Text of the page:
There have been more than 2.7 million cases of the disease reported in North Carolina since the pandemic’s beginning, and about 58% of adults are fully vaccinated and have received at least one booster shot, according to DHHS.

“It may be that we’re better protected, that there are so many people who’ve been vaccinated and on top of that so many people that have been infected, that there is some community immunity that we’re benefiting from,” he said. “If we didn’t have vaccination and the previous waves conspiring together to protect us we would be in a very, very bad situation right now.”

Wake County leading the surge in cases

The risk of contracting COVID-19 remains low in every North Carolina county, according to the Centers for Disease Control and Prevention, except for two: Wake, with more than a million residents, and Hyde on the coast, with about 5,000.

Wake leads the state in rate of new cases, at 811 per 100,000 residents in the past two weeks, with Hyde just behind, according to DHHS. That compares to about 330 cases per 100,000 residents statewide. The CDC classifies the risk of contracting the virus in those two counties as “medium.”

In Wake’s case, the heightened risk comes from being the most populous county in the state, as well as having an international airport and businesses while travel is increasing, said spokeswoman Stacy Beard.

But while cases per capita is up in Wake, new hospital admissions and inpatient beds occupied by COVID-19 patients are staying well-below 10%, which Beard called good news.

Illnesses aren’t severe at this point, she said, and the health care system is not being strained.

”Everyone needs to realize,” she said in an email, “we’re going to have waves of COVID-19, and our dashboard shows that while it’s currently increasing, it’s not as steep as in the past.”

Vaccines and boosters remain the best protection, and the county offers free same-day appointments at five locations. Wake is also still testing, and free masks are still available at many pharmacies. Free COVID home tests are also still available.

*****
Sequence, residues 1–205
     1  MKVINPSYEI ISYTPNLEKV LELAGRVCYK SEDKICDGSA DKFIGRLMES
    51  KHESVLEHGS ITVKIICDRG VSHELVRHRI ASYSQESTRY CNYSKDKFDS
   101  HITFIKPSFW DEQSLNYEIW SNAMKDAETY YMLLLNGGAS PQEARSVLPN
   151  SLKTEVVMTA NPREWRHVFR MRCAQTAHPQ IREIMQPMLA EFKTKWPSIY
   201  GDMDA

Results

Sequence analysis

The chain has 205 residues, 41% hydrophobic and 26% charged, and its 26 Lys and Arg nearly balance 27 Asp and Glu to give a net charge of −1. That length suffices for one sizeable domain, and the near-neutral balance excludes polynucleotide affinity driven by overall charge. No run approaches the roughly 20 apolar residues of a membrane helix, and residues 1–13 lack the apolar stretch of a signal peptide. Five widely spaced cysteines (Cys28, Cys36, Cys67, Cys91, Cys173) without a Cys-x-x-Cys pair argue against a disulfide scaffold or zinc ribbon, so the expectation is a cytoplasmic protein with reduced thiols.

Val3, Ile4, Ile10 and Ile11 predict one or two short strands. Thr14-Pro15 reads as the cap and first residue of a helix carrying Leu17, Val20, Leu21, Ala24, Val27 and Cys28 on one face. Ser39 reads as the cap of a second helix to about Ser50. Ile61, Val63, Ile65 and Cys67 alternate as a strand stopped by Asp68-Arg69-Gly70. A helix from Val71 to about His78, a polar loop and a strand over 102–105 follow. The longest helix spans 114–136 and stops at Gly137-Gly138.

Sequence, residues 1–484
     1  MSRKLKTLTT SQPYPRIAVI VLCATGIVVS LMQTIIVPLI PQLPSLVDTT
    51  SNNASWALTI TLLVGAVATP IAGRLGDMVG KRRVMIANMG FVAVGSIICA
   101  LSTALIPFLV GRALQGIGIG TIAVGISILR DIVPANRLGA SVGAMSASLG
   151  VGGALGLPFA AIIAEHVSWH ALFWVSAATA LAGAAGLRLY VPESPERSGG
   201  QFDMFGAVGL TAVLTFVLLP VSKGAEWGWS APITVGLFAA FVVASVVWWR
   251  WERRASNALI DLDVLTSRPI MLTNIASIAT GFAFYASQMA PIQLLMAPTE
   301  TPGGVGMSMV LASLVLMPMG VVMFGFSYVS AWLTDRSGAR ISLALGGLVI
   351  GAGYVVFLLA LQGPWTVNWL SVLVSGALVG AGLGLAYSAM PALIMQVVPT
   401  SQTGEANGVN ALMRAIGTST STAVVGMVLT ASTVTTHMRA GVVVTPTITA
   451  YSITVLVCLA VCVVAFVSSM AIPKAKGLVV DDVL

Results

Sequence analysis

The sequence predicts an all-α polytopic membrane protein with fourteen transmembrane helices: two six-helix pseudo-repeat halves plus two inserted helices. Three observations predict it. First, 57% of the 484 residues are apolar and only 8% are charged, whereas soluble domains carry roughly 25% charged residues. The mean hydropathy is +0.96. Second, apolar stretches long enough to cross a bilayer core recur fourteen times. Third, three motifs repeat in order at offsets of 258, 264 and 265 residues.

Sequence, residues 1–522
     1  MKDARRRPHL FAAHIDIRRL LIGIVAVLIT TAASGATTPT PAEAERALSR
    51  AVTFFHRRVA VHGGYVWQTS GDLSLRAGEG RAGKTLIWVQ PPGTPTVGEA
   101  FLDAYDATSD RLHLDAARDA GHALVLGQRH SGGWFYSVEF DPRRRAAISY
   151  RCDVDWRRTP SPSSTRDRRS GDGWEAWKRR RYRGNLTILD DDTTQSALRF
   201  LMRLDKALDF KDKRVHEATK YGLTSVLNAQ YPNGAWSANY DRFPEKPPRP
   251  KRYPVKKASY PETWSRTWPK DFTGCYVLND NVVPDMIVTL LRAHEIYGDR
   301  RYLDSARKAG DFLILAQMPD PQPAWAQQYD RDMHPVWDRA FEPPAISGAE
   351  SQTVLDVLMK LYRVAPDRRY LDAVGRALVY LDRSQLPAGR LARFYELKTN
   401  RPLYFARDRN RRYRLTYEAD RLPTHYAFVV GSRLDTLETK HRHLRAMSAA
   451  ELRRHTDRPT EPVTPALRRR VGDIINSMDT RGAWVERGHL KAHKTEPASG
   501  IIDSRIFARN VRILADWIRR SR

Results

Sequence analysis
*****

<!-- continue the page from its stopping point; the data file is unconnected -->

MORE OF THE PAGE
A pandemic of sniffles or emergency rooms?

Even if the majority of cases are relatively mild, the increase in COVID-19 cases is affecting the health care system in other ways. At Duke, the number of medical staff out after testing positive for the coronavirus has grown from about 20 earlier this spring to 150 now, Pickett said.

“And that really impacts our ability to staff all of our beds,” she said.

Wohl said the number of people admitted to hospitals with COVID-19 will continue to go up, though it’s not clear how much. He said people shouldn’t try to outguess the virus or put off getting a vaccine booster shot to protect themselves.

“If this turns out to be a pandemic of sniffles, that most people just get mildly ill and they go back to work in a few days, then I think we can continue to go on with our lives,” he said. “But if this continues to be a consequential virus where people get long COVID, where people end up in hospital emergency rooms and ICUs, we’re just gonna go through cycles of this. And that’s not what any of us want.”

©2022 The Charlotte Observer. Visit Distributed by Tribune Content Agency, LLC.